Do I use get familiar with correctly?
John was not familiar with cooking.
After I answered his questions and taught him, he is familiar with cooking now.
So, I helped him to get familiar with cooking.
I think it means
Someone was not familiar with something, and he becomes familiar with that thing now.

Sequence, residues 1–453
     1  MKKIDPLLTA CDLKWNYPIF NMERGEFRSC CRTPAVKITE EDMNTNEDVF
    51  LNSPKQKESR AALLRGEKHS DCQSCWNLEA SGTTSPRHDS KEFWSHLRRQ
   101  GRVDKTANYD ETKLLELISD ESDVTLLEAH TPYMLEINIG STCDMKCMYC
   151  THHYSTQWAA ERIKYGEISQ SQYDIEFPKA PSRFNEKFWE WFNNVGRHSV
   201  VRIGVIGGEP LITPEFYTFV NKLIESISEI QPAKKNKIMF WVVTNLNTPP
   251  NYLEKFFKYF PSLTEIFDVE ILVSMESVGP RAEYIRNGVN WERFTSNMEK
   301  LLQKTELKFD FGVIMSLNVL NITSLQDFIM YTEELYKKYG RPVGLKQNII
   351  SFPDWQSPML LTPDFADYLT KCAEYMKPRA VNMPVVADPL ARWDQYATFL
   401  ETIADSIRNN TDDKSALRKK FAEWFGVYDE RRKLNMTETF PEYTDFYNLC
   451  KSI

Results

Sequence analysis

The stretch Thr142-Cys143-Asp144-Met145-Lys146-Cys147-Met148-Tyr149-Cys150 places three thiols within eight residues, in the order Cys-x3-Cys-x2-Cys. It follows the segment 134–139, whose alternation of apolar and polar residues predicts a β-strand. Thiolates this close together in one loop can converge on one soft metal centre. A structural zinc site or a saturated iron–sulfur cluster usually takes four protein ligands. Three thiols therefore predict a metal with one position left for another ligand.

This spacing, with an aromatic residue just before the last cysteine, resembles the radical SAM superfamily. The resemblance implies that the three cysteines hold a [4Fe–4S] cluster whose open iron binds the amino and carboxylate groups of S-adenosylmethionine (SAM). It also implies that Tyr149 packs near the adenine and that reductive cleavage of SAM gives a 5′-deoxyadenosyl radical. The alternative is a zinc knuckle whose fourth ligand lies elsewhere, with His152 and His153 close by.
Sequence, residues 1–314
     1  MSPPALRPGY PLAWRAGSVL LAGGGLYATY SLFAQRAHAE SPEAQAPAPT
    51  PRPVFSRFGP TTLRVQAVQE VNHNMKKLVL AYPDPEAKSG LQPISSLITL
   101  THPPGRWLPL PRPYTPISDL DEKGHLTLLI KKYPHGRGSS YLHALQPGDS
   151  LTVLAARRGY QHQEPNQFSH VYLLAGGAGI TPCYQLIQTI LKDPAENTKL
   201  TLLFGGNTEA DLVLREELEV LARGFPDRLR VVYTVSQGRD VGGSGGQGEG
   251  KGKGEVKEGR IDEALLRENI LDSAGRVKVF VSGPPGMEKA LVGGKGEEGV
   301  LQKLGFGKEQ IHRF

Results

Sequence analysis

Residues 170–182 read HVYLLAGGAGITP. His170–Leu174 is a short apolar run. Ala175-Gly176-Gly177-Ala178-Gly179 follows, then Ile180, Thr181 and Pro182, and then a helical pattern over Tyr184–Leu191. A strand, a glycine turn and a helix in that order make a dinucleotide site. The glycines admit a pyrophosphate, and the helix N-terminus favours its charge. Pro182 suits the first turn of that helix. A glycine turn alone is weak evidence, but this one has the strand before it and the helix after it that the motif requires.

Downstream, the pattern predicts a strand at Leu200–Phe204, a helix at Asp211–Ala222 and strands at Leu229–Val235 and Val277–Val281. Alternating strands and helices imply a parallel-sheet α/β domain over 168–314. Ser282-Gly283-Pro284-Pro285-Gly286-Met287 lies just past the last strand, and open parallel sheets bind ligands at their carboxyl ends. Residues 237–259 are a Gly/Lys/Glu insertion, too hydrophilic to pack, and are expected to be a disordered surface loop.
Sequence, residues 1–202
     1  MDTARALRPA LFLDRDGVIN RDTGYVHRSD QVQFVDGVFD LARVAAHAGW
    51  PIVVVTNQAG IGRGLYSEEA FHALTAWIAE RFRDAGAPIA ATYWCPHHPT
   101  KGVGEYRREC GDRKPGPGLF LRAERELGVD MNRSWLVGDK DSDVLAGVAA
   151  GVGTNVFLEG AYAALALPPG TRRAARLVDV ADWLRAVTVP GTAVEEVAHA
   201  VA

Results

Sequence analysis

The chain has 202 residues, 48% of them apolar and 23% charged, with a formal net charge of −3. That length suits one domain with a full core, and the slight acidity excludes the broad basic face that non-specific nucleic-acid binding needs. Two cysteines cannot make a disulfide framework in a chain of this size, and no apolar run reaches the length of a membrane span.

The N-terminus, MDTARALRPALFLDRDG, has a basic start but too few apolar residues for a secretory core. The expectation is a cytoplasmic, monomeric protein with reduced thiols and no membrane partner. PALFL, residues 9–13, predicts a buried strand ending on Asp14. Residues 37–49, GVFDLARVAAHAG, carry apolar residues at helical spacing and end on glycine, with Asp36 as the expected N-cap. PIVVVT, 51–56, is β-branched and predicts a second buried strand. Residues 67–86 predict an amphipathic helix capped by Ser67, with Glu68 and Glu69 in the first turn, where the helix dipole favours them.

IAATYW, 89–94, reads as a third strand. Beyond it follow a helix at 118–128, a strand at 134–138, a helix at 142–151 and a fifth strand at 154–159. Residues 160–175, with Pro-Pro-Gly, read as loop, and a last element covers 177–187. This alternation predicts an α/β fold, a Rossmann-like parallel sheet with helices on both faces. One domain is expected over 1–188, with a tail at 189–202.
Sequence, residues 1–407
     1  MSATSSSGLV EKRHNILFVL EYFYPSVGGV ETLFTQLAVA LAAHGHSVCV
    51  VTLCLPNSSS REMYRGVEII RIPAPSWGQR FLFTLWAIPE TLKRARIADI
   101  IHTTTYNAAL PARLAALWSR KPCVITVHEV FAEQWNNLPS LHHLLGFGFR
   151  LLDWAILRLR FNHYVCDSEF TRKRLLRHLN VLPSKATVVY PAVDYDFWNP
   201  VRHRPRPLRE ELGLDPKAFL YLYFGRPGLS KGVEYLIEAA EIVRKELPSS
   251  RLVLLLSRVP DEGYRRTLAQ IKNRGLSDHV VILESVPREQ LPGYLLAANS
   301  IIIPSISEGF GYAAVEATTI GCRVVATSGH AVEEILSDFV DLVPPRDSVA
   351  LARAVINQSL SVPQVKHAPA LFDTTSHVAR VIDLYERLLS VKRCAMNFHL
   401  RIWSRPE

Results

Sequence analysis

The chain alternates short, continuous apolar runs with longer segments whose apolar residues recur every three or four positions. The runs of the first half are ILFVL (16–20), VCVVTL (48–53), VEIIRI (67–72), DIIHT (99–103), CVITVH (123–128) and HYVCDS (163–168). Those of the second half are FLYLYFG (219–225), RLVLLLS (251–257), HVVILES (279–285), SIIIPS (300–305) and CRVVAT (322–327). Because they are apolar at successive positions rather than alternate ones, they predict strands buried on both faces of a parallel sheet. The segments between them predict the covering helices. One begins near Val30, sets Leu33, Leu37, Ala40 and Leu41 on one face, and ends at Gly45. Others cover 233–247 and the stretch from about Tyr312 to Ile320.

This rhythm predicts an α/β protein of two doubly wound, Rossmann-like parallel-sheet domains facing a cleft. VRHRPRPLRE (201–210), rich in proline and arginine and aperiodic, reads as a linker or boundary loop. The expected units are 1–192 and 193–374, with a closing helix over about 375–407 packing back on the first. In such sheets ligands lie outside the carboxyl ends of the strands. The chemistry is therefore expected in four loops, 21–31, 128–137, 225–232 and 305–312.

Yes. (In another context, 'get familiar with' can have asexual connotation, giving rise to many exchanges such as A: 'It'll give the men a chance to get familiar with their new colleagues.' B: 'Not too familiar, I hope' (the studio audience laughs uproariously). But in this case you're right.)